Once the show was finished, I made my way to the kangaroos. They were large and lazy. They lounged on the grass without a care in the world. One laid back and scratched his belly.
After the kangaroos, it was time to visit the koalas. One was perched on top of his tree, just chillin’. He decided to scratch his belly using his foot.
As I made my way to the African section, I saw a cheetah on a leash! The animal was majestic and powerful. She walked on a leash, following a zookeeper. Her mouth was slightly open, making it look like she was looking for prey.
I continued following the path, and it led me to a treehouse on an island. I climbed up and found a snake resting in a cage.
When I got to the African section, I was delighted to find giraffes and zebras eating food from containers high up on trees.
Next to them, there were tons of meerkats! They were hilariously running around their pens. A few were standing straight up inquisitively. Another one was lying on the ground with his arms and legs stretched out like he just couldn’t walk anymore.
The park was going to close soon, so I walked briskly to see more exhibitions. In a large enclosure, there was a baby tiger! He was so adorable, and a zookeeper was sitting inside the cage while the baby played with her. The adult tiger was next door and looked menacing.
I couldn’t believe how empty the park was. There were just a handful of people still there. As I walked along the concrete path, wild reptiles scavenged the ground for food scrapes. A large reptile stood still until I approached, and then he scurried away in a hilarious scuttle. It was crazy to see wildlife that wasn’t in cages. One sign even warned, “Wild snakes live here too.”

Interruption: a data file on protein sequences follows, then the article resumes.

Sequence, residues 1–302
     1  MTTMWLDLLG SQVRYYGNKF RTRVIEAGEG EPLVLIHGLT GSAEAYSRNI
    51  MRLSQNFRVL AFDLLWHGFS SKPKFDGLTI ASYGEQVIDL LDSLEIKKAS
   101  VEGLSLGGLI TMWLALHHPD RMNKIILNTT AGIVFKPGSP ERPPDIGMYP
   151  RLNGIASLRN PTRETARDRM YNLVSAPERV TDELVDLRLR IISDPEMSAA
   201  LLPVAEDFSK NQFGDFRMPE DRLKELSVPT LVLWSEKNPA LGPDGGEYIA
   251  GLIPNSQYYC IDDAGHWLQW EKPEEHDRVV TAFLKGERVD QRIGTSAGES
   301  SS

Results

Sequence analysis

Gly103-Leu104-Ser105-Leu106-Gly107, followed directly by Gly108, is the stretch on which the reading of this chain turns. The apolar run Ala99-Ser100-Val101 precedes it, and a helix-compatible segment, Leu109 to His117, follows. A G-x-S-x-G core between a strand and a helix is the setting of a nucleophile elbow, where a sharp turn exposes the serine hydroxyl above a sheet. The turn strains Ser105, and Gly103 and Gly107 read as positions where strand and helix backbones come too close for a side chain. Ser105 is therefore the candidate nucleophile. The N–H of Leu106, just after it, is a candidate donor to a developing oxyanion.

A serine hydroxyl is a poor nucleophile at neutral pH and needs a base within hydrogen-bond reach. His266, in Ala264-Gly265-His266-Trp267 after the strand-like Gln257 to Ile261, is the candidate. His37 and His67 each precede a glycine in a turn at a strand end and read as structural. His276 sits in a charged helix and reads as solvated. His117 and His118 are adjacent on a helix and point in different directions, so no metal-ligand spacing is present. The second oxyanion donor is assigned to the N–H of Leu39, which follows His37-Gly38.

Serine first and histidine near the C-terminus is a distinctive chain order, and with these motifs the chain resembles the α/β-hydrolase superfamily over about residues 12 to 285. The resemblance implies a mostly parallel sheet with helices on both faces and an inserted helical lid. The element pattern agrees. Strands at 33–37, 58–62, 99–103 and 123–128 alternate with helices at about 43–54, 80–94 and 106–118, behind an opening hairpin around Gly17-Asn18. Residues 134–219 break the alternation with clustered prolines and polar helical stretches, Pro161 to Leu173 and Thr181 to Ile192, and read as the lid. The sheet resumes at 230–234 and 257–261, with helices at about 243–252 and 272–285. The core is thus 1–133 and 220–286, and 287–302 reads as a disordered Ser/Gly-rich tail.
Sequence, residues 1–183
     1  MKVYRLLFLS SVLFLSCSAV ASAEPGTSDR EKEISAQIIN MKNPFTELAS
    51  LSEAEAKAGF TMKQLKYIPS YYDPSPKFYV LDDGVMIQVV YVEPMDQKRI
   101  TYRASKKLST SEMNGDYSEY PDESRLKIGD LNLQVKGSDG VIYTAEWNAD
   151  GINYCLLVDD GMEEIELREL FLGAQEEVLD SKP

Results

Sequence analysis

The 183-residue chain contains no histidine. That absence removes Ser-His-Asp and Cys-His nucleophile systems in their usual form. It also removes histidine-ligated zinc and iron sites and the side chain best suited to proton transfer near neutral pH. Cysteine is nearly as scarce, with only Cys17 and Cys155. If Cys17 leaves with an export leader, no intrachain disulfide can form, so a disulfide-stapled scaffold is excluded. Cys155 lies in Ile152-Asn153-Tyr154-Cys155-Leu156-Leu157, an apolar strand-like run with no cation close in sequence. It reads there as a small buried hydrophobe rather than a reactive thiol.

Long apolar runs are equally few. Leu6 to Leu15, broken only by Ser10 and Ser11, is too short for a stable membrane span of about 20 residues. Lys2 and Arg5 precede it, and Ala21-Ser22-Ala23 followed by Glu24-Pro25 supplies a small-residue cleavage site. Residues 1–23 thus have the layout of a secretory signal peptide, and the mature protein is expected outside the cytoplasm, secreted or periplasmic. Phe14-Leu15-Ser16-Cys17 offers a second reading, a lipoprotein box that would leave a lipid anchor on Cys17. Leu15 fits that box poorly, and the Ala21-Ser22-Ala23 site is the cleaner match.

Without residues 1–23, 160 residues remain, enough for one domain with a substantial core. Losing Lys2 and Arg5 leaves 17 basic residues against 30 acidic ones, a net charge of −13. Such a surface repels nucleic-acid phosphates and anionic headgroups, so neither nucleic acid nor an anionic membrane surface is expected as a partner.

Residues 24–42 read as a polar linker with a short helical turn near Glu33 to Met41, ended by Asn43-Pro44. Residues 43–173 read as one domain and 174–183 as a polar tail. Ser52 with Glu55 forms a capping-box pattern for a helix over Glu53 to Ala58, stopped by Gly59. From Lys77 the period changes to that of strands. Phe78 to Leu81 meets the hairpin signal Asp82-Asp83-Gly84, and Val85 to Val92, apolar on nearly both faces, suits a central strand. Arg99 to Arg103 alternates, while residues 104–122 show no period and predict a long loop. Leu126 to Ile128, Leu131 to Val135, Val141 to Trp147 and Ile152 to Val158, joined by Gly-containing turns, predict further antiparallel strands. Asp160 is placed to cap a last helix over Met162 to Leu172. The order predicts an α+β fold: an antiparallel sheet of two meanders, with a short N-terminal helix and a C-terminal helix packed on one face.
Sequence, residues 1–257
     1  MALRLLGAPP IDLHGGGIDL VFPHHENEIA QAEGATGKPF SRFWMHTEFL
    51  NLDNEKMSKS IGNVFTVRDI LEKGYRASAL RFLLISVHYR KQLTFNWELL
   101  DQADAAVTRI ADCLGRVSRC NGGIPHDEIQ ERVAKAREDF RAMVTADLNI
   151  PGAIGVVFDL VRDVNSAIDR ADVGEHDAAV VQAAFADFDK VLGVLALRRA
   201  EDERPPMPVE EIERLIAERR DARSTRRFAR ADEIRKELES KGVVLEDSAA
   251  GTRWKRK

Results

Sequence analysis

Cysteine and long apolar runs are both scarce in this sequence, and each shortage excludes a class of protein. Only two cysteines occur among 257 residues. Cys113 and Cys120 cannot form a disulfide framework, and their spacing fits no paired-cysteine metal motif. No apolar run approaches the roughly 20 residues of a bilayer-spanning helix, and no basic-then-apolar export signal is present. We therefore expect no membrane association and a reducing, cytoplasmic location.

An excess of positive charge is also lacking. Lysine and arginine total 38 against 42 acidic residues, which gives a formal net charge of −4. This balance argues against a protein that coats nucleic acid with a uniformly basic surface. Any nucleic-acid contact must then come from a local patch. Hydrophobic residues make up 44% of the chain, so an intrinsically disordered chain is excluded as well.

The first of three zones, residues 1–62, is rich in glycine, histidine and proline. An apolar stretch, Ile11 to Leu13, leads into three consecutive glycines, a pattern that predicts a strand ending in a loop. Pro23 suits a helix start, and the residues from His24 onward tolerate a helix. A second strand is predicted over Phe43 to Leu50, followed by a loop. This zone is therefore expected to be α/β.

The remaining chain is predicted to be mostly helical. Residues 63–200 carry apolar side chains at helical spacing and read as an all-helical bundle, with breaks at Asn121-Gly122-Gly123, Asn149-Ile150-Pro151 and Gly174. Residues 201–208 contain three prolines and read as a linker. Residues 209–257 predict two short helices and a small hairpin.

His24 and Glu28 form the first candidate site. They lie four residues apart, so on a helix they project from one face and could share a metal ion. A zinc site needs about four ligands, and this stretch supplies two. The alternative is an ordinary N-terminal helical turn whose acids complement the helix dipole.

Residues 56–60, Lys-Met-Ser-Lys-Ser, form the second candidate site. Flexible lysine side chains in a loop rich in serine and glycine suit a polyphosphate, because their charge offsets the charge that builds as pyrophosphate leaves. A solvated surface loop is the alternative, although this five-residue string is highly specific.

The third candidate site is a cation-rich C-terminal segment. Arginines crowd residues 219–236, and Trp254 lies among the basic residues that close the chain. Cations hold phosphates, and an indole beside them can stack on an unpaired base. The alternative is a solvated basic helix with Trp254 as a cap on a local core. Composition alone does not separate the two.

I found a beautiful, tree-lined path taking me to see the birds. I even got to see a cassowary! His bright blue neck was beautiful! But I could see why he is the world’s most dangerous bird – his body was huge! He must have been a few feet tall and wide. The beak was intense and dangerous.
The sign read, “The cassowary is Australia’s largest land animal – the largest cassowary on record was 85 kg (187 lbs) although most weigh between 35 and 60kg (77-132 lbs).
The final stop was watching dingos play with zookeepers inside their enclosure. They look like large, playful dogs, and it was hard to think of them as dangerous.
I walked through the exit path and laughed at all of the signs that started with “crikey,” Steve Irwin’s famous catchphrase. Even a broken vending machine had a sign that said, “crikey, out of order.” His family still runs and operates the park, so it was nice seeing his picture everywhere.
I left the park right at closing time and sat in my car because I didn’t have a hotel booked for the night. I found a great deal on Orbitz for a four-star hotel in Brisbane. However, I had to check out on Saturday before the price skyrocketed.
I drove an hour and a half and ran into traffic. Brisbane is a large city – 2.28 million people. It was the largest city that I had been to in more than two months when I was in Perth. It was challenging to navigate the large highway in the dark.
I checked-in to the hotel and used the elevator to get to my room in the high-rise building. I loved my room! It was a beautiful, comfortable, clean, and modern hotel. I was so happy to get that room for a few days. I plopped on the bed and thought about how much I really want a 4-star life.
I ordered room service and searched for things to do in the area while watching the Australian bachelor. I was completely hooked on the trash show. As usual, there was a conniving woman who was a top contender. The bachelor was clueless about her selfishness. These shows really know how to create heroes and villains. The reality is that most people aren’t all hero or all villain. We’re all somewhere in between.